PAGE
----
I am a collector of fine art. Being that I’m not a millionaire my primary source for art is eBay. I’ve found that if you look carefully you can find authentic original art on eBay. (There are also a lot of Chinese knockoff paintings, but the genuine stuff is out there.) The beauty of art is that it is virtually worthless so you can get nice paintings for relatively cheap, usually a few hundred dollars, and the art dealers are very willing to negotiate on the listed price. The main thing for me is not the value of the piece, it’s how much I like it, so a good painting by an unknown artist has a lot of value to me.
I’ve collected a few pieces so far. A kitten, a woman, a cityscape, as well as others, and I thought I ought to add something religious to the mix, so I decided to look for a painting of the Christian god, Jesus, and what did I find but a drawing by a five year old named Ricky! ”What,” I thought, ”what could this be? Some kind of joke?” No. It was a drawing by a five year old that his dad put up for auction for him.
As soon as I saw it I knew that I must own it. I mean what five year old could could possibly have the ego to think that his drawing had any value? I knew I had to feed his ego. In all fairness to the boy, there was a remark in the description mentioning that the family was having hard times, and little Ricky wanted to do what he could to help, so he made a run of 100 drawings of Jesus on the cross to sell. I doubt there was any actual arrogance involved. Now, don’t think that I bought that drawing out of pity, because I’m sure the family doesn’t want pity. I do empathize with them, but the reason I bought the drawing was mostly for myself. You see, I just wanted to be able to tell this story. I wanted to tell the world the story of how I bought a drawing from a five year old. That’s it. I doubt that Ricky even made two dollars. It cost me $4.95 total. Shipping was a buck twenty, and with packing supplies and eBay and PayPal fees I’m sure Ricky didn’t get much. (His dad probably gave him a five dollar bill, so it was probably a net loss for the family.)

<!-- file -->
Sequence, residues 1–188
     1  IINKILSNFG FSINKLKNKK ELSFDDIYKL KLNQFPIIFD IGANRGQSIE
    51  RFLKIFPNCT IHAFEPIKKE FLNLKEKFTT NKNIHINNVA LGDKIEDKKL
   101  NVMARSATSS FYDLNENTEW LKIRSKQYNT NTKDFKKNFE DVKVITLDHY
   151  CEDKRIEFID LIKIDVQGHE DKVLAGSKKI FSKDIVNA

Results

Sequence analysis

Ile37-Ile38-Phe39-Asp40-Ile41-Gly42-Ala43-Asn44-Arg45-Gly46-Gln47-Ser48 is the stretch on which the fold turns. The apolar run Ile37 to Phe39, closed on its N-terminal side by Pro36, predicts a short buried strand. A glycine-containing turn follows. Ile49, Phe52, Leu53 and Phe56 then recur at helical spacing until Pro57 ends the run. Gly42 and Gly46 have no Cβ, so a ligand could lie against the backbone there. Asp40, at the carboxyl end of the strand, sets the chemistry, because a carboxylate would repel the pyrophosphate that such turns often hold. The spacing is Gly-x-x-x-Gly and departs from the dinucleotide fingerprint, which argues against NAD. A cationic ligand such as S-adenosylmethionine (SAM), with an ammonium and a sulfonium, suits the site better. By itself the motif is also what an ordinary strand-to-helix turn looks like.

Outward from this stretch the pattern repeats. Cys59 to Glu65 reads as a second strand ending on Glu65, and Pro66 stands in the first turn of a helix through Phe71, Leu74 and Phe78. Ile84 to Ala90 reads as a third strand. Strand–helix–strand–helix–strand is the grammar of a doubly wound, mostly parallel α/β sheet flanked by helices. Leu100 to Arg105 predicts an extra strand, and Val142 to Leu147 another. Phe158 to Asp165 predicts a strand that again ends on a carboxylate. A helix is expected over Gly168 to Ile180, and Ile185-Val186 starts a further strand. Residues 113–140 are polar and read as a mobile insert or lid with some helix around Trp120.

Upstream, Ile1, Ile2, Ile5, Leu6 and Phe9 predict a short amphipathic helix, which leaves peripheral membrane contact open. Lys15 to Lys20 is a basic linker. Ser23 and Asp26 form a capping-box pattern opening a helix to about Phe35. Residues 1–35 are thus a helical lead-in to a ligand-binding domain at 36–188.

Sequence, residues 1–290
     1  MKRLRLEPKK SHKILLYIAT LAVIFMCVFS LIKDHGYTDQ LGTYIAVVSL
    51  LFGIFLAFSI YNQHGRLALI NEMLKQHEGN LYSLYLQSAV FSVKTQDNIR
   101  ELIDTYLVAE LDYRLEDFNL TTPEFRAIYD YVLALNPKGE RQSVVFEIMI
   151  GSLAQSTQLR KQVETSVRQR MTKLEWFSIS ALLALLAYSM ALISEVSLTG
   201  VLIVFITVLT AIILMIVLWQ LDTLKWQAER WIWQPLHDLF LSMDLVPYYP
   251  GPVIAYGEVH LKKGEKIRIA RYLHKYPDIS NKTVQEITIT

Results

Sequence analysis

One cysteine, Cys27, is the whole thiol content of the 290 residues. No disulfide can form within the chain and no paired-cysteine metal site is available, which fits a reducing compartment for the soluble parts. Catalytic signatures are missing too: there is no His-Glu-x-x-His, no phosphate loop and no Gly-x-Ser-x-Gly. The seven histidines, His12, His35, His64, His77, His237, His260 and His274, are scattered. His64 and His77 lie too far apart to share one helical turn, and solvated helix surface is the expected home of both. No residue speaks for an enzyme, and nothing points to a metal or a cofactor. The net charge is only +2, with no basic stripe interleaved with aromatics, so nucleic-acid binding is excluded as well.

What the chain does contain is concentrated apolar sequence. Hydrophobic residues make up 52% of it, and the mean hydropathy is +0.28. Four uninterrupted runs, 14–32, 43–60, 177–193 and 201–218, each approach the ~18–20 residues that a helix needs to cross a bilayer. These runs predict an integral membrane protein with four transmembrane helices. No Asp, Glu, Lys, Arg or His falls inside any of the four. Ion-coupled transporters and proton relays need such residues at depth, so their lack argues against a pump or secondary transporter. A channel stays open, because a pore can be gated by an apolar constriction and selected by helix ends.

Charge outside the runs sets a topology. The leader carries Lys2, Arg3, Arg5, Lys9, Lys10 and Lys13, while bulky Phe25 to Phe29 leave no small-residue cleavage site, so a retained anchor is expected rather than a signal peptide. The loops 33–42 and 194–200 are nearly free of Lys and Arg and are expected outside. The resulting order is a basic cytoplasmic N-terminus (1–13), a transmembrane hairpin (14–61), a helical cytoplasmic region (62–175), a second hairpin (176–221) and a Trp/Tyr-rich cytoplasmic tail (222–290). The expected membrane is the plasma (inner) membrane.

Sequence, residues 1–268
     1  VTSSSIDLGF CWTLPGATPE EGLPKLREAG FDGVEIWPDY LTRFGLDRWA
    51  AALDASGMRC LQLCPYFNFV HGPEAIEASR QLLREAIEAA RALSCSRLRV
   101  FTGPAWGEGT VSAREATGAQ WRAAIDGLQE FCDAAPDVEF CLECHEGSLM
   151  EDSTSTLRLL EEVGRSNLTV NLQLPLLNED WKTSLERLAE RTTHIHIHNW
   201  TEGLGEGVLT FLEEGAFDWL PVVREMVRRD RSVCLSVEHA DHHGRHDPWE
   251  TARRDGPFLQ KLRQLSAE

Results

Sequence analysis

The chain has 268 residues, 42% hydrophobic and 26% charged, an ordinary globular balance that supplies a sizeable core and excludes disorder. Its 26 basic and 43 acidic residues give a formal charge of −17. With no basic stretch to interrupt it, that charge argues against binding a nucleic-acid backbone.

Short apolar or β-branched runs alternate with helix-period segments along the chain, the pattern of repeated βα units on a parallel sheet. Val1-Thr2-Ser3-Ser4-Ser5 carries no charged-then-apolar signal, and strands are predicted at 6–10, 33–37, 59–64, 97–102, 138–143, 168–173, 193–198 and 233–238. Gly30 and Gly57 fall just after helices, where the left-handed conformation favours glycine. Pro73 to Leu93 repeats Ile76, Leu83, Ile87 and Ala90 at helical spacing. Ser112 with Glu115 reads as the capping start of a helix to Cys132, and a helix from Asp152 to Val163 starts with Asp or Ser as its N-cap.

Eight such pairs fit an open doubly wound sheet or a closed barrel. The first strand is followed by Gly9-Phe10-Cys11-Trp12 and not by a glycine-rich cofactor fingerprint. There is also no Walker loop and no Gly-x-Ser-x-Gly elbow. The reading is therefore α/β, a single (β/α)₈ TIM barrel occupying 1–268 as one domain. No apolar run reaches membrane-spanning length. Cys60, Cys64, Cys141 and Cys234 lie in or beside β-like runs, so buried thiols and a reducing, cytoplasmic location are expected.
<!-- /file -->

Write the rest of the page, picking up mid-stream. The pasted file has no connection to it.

Okay, so mostly I bought the drawing for me, to tell this story, but I do admit that I kind of hope that I made Ricky feel good. Maybe his family isn’t going to be rich but maybe he feels like he did something to contribute. I hope I didn’t give him delusions of grandeur, though. Apparently he made a run of 100 of these drawings, so I hope he’s not expecting to make five hundred dollars, because the likelihood of that is pretty low.
Now onto the analysis of the drawing…
To fully understand a piece of art, we must first be fluent with its lines, colors, themes, and subject, then ask two questions: 1) How skillfully has the objective of the art been rendered and 2) How important is that objective? Question 1 rates the artwork’s perfection; question 2 rates its importance. And once these questions have been answered, determining the artwork’s greatness becomes a relatively simple matter. If the artwork’s score for perfection is plotted along the horizontal of a graph, and its importance is plotted on the vertical, then calculating the total area of the artwork yields the measure of its greatness. A landscape by Monet may score high on the vertical, but only average on the horizontal. A Michelangelo painting, on the other hand, would score high both horizontally and vertically, yielding a massive total area, thereby revealing the art to be truly great… Who am I kidding, it’s a drawing by a five year old. It’s fantastic.